Also in York County, three water distribution sites in Dover Township registered 12 times California's public health goal. Of 23 locations that were measured in the water system, all but one showed at least some chromium-6.

Dover Township Manager Laurel Oswalt emphasized that Dover's chromium-6 levels are well below the EPA's 100 parts-per-billion limit.

Dallastown-Yoe also showed chromium-6 levels in excess of the .02 parts per billion recommendation.

In Hanover, water officials collected and tested eight samples in 2013. Of those, three contained amounts of chromium-6, the highest of which was more than twice the California scientists' recommendation.

Hanover water supervisors Tim Mayers and Terry Sterner were not worried about the chromium-6 found in Hanover's water because the amounts fell so far below the EPA's legal limit, which they felt indicated it was occurring naturally.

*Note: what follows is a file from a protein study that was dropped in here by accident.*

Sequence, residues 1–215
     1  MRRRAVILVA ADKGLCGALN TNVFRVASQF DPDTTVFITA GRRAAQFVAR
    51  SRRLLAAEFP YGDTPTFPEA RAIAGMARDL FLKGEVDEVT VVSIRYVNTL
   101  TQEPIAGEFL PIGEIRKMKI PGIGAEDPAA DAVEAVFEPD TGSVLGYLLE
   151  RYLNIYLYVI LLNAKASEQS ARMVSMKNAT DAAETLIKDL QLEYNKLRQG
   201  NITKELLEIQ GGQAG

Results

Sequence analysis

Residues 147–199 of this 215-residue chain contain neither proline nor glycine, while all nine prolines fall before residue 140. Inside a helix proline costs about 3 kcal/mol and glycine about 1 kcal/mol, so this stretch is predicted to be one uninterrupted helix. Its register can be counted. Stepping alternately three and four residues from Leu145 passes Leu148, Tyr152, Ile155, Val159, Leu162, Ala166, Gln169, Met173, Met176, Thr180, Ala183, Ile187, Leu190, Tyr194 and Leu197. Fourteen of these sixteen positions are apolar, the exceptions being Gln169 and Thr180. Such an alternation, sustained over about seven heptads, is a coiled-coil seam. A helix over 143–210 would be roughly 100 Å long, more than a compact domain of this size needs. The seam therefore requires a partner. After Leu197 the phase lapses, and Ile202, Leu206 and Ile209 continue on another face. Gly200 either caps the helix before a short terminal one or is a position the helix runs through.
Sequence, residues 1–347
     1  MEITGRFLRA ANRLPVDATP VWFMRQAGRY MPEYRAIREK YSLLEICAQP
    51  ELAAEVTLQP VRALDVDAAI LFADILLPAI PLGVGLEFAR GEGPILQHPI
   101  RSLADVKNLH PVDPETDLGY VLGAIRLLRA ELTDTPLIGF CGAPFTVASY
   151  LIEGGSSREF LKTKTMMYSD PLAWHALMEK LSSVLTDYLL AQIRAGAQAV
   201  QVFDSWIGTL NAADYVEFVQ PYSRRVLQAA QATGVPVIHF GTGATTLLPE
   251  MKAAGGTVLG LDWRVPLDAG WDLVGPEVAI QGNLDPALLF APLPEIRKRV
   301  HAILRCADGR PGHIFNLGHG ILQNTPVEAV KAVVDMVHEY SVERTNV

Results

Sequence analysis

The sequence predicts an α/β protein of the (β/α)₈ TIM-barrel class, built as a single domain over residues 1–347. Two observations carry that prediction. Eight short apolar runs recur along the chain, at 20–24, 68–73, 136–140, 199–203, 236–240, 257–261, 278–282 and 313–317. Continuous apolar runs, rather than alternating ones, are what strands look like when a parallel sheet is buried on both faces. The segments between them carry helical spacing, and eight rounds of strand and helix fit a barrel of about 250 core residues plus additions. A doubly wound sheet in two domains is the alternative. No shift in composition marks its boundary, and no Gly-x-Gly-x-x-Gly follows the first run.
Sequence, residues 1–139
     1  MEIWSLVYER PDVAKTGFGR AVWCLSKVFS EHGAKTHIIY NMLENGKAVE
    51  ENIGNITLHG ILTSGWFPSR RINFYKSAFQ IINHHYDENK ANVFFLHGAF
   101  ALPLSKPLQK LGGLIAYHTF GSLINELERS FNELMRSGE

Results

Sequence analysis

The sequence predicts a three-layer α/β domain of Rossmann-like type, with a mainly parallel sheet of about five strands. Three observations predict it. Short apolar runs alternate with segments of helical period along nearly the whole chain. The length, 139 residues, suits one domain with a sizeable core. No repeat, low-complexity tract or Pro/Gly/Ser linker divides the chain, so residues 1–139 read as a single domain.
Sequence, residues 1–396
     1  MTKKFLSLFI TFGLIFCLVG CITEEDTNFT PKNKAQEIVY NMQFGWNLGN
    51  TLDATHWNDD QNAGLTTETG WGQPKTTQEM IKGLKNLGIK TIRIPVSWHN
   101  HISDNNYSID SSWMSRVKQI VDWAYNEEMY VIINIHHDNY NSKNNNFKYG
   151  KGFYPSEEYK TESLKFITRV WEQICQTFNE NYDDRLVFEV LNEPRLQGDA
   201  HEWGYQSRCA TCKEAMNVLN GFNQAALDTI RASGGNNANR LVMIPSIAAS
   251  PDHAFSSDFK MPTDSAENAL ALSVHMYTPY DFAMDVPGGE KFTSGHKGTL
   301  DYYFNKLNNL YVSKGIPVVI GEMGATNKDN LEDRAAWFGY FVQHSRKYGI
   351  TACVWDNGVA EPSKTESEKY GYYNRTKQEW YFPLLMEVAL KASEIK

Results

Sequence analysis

Still, the supervisors said regulation changes are common. Though neither Mayers nor Sterner were sure how they would treat for chromium-6 if a new regulation went into effect, they said treatment for other metals involves adjusting water's pH balance.

In Adams County, Gettysburg Municipal Authority collected and tested 32 samples in 2015. Of those samples, about half contained chromium-6. One site registered more than 11 times what the California scientists said was safe. A representative of the authority couldn't be reached for comment.

Next steps for the EPA

When it comes to changing federal regulations on public drinking water, the EPA has a specific process defined in the Safe Drinking Water Act.

Federal regulators must inspect the data collected on chromium-6, which includes the amounts found in water systems in York and Adams counties, as well as studies on the metal's health effects.

The EPA is working on the development of an assessment of chromium-6, which will include an evaluation of those studies on potential health effects from ingesting the metal, said Monica Lee, the EPA's press secretary, in an email Friday.